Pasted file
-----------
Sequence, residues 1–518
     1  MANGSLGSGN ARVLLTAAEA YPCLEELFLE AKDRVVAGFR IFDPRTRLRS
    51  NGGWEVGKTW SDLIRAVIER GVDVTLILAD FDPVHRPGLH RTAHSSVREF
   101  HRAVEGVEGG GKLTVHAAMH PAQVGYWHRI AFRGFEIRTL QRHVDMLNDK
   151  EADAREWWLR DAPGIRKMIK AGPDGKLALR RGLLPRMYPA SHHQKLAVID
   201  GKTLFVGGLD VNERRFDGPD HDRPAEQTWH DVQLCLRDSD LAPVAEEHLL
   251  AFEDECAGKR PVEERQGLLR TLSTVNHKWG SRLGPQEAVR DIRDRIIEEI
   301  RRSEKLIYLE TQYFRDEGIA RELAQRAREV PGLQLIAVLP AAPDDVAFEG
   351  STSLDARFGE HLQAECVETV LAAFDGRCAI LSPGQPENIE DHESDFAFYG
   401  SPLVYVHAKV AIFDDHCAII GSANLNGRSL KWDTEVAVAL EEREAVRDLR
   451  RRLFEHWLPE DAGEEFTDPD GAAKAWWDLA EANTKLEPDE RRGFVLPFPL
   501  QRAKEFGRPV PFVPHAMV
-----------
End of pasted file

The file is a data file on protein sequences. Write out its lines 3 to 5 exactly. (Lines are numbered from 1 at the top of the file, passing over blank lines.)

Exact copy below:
    51  NGGWEVGKTW SDLIRAVIER GVDVTLILAD FDPVHRPGLH RTAHSSVREF
   101  HRAVEGVEGG GKLTVHAAMH PAQVGYWHRI AFRGFEIRTL QRHVDMLNDK
   151  EADAREWWLR DAPGIRKMIK AGPDGKLALR RGLLPRMYPA SHHQKLAVID